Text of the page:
Can brute force password cracking be easily prevented?

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Lately I've been reading that with current techniques, previously
"unbreakable" passwords can be quickly broken by high powered computer
attacks using brute force.

What I can't understand is why people who write software which requires a
password will allow this to happen.

I would have thought that it would be relatively easy to include something
like a small time delay in the code, which would wait for, say, a
millisecond before responding to a password log-on attempt. This would
presumably negate the ability of a brute force attack to try large numbers
of passwords in a short time.

An alternative would be to allow only a limited number of failed attempts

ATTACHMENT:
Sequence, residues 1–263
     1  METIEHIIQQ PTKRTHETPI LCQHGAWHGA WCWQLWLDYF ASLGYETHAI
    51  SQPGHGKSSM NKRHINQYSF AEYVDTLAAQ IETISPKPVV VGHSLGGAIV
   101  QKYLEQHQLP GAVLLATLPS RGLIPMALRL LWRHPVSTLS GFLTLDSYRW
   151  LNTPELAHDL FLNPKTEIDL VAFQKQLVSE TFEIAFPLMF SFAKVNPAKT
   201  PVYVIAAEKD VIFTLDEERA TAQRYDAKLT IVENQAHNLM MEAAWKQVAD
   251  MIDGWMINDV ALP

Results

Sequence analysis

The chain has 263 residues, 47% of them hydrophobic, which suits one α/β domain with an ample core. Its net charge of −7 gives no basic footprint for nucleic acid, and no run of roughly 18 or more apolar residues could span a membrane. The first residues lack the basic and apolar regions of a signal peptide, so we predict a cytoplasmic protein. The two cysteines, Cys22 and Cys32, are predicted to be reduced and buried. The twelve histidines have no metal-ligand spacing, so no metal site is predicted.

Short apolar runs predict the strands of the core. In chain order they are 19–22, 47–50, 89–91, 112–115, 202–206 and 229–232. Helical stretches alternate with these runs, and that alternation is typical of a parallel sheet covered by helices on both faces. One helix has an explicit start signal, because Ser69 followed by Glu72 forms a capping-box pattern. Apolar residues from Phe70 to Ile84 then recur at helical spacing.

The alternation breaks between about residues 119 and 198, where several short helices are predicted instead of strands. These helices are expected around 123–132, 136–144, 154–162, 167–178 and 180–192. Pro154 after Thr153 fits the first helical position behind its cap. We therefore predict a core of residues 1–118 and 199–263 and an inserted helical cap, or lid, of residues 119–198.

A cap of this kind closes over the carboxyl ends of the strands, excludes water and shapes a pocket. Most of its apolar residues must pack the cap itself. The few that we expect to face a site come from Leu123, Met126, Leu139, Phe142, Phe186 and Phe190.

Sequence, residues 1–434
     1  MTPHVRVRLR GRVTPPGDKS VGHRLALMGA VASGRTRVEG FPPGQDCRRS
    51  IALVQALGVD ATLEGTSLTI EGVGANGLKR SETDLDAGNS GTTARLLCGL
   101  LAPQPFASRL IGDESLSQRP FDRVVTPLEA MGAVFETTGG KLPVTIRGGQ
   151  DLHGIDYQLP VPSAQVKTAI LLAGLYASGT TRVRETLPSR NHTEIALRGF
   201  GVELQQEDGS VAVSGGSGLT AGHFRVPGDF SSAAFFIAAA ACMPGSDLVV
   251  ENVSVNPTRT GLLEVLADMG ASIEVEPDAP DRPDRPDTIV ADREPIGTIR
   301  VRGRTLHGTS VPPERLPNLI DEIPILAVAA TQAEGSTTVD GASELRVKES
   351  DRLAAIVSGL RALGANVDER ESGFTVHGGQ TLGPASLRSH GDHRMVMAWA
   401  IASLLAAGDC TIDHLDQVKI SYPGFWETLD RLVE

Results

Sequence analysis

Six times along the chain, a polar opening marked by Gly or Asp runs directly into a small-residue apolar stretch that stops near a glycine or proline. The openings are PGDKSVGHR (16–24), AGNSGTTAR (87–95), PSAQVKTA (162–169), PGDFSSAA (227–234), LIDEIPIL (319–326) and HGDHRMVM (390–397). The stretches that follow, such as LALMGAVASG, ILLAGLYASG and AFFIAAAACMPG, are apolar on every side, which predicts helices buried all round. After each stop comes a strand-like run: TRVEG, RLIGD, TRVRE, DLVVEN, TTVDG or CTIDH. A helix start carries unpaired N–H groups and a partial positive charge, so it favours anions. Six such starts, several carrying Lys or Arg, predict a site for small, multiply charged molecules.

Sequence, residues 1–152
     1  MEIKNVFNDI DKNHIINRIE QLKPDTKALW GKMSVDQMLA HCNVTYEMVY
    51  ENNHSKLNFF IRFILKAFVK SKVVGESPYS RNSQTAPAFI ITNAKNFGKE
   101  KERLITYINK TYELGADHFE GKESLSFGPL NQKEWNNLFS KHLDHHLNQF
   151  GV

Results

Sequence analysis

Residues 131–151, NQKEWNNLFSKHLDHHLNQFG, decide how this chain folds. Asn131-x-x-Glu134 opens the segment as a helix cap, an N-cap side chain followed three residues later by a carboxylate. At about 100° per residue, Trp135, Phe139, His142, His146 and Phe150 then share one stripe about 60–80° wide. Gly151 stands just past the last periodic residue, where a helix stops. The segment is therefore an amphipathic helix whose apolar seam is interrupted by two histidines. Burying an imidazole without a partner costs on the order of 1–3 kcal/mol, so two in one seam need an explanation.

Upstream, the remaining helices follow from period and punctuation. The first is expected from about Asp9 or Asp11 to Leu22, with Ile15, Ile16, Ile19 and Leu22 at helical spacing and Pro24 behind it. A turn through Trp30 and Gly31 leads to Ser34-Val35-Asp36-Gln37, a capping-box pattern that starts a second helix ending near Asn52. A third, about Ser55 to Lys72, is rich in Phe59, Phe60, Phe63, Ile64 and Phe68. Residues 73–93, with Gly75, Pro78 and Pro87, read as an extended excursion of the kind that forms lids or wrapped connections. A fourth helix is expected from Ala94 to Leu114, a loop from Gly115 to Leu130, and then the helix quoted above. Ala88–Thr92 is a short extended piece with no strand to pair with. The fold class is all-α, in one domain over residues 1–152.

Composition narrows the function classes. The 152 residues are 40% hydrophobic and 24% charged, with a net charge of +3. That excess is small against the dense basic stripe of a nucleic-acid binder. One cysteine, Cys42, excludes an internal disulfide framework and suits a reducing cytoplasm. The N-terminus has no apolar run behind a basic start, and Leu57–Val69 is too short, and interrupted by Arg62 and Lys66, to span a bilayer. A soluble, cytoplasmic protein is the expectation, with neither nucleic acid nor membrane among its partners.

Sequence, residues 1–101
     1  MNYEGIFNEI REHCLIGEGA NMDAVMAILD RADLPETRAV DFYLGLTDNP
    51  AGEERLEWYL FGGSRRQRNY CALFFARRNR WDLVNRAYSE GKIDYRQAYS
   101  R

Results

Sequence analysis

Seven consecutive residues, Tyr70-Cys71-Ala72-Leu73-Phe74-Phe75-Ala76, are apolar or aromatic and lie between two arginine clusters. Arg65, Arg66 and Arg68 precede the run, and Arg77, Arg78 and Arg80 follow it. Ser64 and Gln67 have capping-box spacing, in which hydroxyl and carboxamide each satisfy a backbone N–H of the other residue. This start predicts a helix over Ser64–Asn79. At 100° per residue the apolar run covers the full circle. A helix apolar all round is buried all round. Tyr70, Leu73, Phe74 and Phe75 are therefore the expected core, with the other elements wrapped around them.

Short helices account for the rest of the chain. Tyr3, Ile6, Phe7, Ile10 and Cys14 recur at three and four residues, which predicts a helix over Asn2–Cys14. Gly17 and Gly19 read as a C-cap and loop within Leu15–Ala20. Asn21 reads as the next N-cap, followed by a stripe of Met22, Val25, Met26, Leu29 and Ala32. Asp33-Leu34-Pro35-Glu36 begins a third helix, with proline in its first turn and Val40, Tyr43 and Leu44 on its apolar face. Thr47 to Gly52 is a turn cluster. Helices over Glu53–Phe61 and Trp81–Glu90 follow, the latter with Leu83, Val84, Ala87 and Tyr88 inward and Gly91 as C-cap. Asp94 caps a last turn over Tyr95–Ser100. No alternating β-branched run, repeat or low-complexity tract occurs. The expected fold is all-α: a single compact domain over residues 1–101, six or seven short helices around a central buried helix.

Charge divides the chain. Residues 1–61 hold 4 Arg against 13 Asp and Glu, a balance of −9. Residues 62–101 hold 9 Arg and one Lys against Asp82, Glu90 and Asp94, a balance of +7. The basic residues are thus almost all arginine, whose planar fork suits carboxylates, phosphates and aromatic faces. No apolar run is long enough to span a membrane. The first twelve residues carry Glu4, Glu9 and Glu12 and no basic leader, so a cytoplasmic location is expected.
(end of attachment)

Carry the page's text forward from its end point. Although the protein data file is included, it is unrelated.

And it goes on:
at log on before shutting down the application, and requiring a re-start.

Would these techniques be practicable, or am I missing something obvious.

(Maybe I'm posting in the wrong group, but I guess people interested in
viruses will possibly be interested in password cracking?)

Cheers,

John S

Re: Can brute force password cracking be easily prevented?


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A very common technique is to allow, say, three password
attempts. After the third one there's a 30 second timeout.

After the tenth a ten minute one. After 20 there's an hour.

(numbers chosen for illustration)

Doing a complete lockout is generally udnesirable because
it would allow for a denial of login attack... in other
words, if the Bad Guy [tm] wanted to lock General Washington
out of his account at the Valley Forge Bank, all they'd
have to do is try a dozen times...

(Far too many places that don't need it do, in fact, have
this policy. uggh).